Every year, teachers face the excitement or perhaps anxiety of starting a new school year. There is something about meeting your new students or packing away the summer clothes that recalls a feeling of renewal. In Saskatchewan, this is usually accompanied by crisp fall weather and I'm sure there is an element of dread as one can sense the impending snow fall that will occur by the end of October.
This is the first time in nine years that I am not heading to my studio to greet all of my new and returning students. I've been receiving well-wishes from some of them. One parent told me that his young daughter can't believe I am across the world studying. I think that has more to do with the concept of geography on a young mind but I can't believe it either!
I have to admit that I experienced anxiety rather than excitement at the start of this school year. After a week of placement tests, it's hard to know what to expect. Will you be made to feel foolish? Are your abilities sub-par? I'm not sure why my immediate thoughts went to a negative place, as if the school somehow has it in for me, even though I am clearly here to learn.
There are a few interesting ideas about the Kodály philosophy that I discovered this week. Number one - that we as teachers should possess the highest degree of musical aptitude in order to provide the best education to our students and number two - that we aren't here to train musicians. The first part makes sense but what?!? - we aren't here to train musicians?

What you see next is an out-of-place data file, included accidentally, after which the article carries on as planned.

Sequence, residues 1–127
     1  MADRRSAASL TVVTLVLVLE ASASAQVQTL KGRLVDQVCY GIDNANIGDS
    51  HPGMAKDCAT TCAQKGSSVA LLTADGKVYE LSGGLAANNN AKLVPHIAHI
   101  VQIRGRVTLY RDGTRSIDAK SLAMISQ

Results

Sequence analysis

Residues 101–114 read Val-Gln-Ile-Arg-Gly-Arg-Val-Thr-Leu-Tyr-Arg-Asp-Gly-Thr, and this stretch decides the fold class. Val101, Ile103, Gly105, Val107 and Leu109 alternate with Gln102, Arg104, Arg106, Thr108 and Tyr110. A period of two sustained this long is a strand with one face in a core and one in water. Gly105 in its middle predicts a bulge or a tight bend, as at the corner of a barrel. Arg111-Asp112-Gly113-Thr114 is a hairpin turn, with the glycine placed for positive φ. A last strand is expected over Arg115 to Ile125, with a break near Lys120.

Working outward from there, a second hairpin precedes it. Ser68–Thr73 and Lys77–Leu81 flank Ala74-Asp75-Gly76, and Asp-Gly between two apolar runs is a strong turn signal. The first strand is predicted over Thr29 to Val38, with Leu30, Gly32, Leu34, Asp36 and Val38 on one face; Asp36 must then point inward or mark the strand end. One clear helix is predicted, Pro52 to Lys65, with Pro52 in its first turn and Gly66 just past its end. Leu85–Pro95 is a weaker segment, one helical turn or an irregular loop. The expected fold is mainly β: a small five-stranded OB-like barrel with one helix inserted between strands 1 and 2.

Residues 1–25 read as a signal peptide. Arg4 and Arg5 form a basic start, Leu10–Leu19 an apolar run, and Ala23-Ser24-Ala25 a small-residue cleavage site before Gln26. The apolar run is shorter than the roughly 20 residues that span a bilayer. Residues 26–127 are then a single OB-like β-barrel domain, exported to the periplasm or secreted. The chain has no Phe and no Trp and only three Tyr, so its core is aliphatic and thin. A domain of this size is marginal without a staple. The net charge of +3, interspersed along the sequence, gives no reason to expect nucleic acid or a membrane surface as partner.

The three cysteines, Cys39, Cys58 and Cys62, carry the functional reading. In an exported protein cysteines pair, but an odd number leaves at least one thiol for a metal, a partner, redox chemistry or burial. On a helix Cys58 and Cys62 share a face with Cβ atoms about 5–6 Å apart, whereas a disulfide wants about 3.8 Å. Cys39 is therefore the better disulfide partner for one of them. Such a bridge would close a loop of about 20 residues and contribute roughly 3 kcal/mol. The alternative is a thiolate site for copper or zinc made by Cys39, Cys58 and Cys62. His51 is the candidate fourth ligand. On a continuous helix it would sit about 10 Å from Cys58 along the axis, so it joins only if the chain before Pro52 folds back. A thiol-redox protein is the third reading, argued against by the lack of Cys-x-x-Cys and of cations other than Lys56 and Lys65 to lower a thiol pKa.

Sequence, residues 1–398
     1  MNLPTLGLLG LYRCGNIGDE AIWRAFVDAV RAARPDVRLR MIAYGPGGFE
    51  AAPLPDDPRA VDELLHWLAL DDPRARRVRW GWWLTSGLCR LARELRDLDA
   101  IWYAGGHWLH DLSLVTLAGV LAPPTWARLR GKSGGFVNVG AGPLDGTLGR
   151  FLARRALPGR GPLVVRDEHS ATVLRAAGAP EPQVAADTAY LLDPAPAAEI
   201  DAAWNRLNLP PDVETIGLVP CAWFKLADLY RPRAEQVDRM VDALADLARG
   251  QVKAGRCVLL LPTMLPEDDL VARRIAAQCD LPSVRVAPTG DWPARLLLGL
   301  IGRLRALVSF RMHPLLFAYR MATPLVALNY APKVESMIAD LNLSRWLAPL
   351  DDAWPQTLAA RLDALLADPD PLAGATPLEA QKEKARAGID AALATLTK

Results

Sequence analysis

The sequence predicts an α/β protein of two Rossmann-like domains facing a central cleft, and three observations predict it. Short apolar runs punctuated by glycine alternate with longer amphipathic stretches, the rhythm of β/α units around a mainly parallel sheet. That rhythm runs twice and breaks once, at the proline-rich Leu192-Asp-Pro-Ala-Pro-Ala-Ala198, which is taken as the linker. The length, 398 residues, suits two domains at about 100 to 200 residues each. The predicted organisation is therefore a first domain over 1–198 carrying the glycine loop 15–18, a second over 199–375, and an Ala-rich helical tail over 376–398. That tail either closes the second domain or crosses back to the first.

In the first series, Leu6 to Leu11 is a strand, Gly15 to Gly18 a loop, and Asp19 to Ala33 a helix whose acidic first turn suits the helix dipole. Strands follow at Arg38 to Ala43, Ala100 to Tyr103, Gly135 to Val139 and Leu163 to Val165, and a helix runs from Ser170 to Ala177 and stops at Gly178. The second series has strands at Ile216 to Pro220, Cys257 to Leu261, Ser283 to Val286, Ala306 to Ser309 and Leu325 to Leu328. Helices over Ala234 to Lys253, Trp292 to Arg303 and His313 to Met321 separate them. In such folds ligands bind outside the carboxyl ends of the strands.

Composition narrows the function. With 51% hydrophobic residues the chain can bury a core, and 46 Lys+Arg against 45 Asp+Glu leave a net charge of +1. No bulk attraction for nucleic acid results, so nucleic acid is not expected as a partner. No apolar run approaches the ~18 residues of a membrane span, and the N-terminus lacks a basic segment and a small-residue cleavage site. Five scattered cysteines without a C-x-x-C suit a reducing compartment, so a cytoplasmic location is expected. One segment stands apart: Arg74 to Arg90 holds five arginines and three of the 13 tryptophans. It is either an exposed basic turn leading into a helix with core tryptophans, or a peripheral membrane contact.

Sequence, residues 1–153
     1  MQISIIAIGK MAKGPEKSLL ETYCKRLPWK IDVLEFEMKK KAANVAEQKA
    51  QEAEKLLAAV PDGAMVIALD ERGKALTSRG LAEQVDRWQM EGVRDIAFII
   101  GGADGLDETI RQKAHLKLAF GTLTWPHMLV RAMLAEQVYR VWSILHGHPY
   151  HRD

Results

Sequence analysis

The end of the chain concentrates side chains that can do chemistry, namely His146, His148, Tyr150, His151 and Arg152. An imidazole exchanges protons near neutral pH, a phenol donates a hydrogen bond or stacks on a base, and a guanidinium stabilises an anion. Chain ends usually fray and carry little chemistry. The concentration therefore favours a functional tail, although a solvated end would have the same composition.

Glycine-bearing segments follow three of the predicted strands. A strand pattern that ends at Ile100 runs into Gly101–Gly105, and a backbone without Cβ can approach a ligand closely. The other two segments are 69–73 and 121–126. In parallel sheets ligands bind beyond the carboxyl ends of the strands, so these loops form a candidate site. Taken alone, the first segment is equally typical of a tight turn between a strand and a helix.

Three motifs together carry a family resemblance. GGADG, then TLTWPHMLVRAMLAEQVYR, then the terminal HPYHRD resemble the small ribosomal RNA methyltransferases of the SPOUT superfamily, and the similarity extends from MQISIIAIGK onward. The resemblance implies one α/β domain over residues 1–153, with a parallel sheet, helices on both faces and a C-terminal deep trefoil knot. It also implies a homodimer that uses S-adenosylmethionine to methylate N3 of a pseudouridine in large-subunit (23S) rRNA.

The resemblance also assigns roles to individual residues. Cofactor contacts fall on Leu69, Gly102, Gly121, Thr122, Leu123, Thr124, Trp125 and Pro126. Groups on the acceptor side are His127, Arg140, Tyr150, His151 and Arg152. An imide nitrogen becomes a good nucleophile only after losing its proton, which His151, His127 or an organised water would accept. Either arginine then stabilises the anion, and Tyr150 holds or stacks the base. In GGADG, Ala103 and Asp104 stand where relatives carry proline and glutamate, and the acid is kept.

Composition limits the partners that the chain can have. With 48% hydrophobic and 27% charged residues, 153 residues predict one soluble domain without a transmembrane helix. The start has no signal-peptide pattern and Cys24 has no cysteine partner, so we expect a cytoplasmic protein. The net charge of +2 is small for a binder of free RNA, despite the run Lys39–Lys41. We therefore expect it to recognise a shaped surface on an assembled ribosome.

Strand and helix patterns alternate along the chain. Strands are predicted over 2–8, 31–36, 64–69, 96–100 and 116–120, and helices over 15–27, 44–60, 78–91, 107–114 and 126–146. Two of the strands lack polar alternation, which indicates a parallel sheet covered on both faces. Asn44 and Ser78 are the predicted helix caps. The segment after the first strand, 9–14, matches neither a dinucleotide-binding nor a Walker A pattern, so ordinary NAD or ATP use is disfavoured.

The idea behind this concept is that we are here to develop a well-trained ear so that a child can cultivate throughout his or her life a depth of understanding. We have all read some of the amazing studies to come out about the benefits of musical training on cognitive development but this approach is more about granting a child the ability to have an understanding of music in order for them to grow into adults who actively participate in musical activities throughout their lives.
There are three ways in which we express ourselves through music. We perform, listen, and create. We have become really good at the listening part but we have somehow lost the performing and creation aspect, especially at the amateur level. Even our listening has become perhaps a bit too mainstream - because without understanding the forms of classical music - we lose the ability to interpret for ourselves what it's all about. We know we like something but to be able to internalize it means understanding the tension and release, the anticipation and conclusion. Music training develops the ear to hear these masterworks and feel the story that is being communicated. This musical training should be challenging but also taught from a place of love and kindness.
We had an entertaining choir rehearsal where pitches and rhythms were a little out there (as is always the case on the first read-through). When the basses were lost for rhythm, they were told: that was very nice but let's not be on a moon station! Of course, the next try was perfectly in time - one of the many amazing experiences of singing with an incredibly adaptable and talented group of musicians. Kindness doesn't mean rejecting criticism. We cannot become our best, no matter what level, if we are coddled or given undue praise.
When teaching children it's important to give them visualizations so that they can imagine themselves floating through space when their tempo has erred. It's important to always approach their lessons through kindness too because our main purpose is to give into his or her "hand the small key that can open, if he so wishes, the magic garden of music that multiplies the value of his whole life" (Kodály). I personally found my lessons this week, although intimidating at first, to have been taught from a place of kindness and respect. I'm excited to see where we will go this year and what we will accomplish together.